Baseball is a change-up for Sydney Cricket Ground – Los Angeles Times

SYDNEY, Australia — From behind home plate, the architect pointed at the outfield wall in the distance and explained one particular challenge of building a baseball field without desecrating the sacred earth beneath it.

“We had to build all this fencing and not put one stake in the ground,” Scott Eggelton said.

Instead of stakes, Eggelton used 70 one-ton blocks of concrete to fortify the wall, ensuring it would be stable enough to absorb the impact of an outfielder crashing into it at full speed.

Eggelton saw Yasiel Puig last year on a business trip to Arizona and recognizes the Dodgers outfielder is a physical marvel. But if Puig and the wall collide, Eggelton has no doubt the wall will win.

“He’ll hurt himself,” Eggelton said. “I hope he doesn’t.”

The construction of the wall was one of several obstacles Eggelton overcame to prepare the Sydney Cricket Ground for Major League Baseball‘s season-opening, two-game series between the Dodgers and Arizona Diamondbacks that starts Saturday.

Chief among the concerns was time. The 38,000-seat venue’s final cricket game of the season was played Feb. 26.

“We started building Feb. 27,” said Murray Cook, MLB’s field and stadium consultant.

Tom Parker said that in his 18 years as the SCG’s curator, he had never undertaken a project that required so much work in so little time.

“It was quite unbelievable,” he said.

Complicating matters, there is only one point at which construction trucks could enter the field. The logistics of when trucks delivered or removed certain material from the grounds had to be carefully coordinated, according to Mark Warwick of the construction company Evergreen Turf.

The architects and construction workers not only had to move quickly, they had to be careful not to disturb the historic venue’s elements.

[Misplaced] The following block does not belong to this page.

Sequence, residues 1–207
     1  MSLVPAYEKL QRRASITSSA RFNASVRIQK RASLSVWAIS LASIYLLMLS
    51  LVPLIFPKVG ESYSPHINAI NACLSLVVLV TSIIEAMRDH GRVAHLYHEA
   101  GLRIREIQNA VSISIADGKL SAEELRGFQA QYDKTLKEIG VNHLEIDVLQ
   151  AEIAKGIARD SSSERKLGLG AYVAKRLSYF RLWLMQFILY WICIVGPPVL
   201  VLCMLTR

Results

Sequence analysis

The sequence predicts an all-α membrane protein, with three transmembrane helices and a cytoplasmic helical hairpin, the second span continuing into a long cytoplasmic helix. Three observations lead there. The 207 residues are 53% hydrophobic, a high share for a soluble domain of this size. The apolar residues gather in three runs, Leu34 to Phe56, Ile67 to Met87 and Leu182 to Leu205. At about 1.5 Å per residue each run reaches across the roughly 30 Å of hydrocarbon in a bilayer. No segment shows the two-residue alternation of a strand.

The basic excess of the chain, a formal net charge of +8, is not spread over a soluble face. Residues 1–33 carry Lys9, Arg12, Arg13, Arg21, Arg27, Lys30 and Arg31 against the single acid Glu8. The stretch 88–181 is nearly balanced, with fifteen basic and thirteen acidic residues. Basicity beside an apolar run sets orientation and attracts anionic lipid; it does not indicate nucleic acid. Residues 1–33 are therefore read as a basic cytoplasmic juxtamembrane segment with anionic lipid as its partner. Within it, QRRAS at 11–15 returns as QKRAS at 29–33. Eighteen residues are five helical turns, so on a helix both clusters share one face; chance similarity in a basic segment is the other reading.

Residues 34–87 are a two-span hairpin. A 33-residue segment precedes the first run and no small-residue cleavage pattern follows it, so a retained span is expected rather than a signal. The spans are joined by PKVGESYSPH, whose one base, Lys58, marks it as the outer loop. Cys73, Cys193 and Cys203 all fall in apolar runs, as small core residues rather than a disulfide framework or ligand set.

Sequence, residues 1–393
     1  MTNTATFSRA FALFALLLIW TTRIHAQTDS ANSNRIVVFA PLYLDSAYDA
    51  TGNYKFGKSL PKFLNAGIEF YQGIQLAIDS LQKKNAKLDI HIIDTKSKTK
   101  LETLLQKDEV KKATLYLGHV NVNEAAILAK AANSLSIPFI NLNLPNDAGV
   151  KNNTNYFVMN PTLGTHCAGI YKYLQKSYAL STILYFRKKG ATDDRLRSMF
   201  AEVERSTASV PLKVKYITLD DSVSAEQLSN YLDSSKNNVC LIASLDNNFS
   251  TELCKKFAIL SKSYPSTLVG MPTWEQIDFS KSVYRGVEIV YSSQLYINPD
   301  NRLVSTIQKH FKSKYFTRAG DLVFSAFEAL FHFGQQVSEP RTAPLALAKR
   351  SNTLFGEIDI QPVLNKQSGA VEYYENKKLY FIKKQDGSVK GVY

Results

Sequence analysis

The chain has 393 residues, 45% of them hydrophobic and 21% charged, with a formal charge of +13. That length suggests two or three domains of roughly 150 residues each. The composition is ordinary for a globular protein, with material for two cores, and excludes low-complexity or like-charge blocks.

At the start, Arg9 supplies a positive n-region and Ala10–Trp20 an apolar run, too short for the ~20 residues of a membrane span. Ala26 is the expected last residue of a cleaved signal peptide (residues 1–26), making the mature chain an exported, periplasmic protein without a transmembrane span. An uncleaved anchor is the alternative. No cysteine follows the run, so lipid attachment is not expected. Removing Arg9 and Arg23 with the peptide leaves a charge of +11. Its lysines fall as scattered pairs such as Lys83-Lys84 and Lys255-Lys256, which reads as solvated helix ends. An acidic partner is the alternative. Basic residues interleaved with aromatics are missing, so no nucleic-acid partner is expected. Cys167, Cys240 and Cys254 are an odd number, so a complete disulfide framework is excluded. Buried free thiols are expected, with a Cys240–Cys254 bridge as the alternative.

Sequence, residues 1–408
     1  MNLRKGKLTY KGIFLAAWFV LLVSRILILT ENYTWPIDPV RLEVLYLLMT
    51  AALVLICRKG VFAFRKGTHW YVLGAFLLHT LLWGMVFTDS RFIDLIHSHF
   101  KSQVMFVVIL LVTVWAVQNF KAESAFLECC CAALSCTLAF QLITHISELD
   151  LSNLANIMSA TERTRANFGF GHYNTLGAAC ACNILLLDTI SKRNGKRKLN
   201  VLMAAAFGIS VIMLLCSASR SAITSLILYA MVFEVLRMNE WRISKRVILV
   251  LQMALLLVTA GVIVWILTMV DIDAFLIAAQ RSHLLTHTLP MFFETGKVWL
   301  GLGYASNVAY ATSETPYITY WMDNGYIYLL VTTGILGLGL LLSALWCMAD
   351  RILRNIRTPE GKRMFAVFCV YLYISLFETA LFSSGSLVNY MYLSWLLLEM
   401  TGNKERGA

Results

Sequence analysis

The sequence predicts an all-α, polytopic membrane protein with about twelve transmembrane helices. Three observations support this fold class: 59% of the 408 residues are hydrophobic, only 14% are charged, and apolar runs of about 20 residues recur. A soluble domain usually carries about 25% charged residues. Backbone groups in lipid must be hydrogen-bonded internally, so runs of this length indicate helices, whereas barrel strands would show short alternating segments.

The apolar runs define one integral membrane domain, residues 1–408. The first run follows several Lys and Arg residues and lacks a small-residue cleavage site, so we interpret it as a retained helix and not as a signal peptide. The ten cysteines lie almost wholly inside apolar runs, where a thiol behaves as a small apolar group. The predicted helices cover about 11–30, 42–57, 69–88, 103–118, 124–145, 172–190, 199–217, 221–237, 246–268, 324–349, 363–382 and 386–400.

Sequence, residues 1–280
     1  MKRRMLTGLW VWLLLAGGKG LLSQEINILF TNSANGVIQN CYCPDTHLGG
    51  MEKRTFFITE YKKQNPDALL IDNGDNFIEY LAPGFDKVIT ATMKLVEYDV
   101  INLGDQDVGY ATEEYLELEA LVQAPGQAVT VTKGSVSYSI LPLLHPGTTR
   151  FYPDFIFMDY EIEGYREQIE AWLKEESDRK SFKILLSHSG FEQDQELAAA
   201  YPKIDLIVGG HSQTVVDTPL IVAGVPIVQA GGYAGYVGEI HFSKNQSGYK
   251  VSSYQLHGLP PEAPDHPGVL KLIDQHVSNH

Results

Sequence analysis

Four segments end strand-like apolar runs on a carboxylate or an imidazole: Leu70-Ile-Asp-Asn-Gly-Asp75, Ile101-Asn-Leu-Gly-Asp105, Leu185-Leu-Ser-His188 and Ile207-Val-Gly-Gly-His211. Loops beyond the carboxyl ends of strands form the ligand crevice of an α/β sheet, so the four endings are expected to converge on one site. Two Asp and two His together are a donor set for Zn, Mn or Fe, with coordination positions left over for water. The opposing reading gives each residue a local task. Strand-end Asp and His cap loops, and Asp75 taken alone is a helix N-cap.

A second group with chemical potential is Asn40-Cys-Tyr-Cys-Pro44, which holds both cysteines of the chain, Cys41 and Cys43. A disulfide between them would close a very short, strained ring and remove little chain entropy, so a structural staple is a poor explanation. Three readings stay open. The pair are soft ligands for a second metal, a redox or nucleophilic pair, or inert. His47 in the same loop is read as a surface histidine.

Dating to the mid-19th century, the SCG is one of the world’s most revered cricket venues. The ashes of players, umpires and fans are spread on these grounds.

The facility doubles as a historical monument. The various seating sections are named after Australian cricket legends. There is even a statue of a popular heckler in one of the stands.

The stadium’s most famous features are down what will be the right-field line — the grandstands known as the Members Stand and the Lady Members Stand.

“It reminds me of Churchill Downs,” Dodgers Manager Don Mattingly said.

Ultimately, the SCG’s history helped convince Parker, the curator, that the temporary renovations should be made.

The SCG has hosted tennis’ Davis Cup. The stadium first hosted an American baseball team in 1888, when the Chicago White Sox stopped on a worldwide tour. This year marked the 100th anniversary of a subsequent visit by the White Sox.

Still, Parker didn’t want the integrity of the SCG to be compromised — particularly the pitch.


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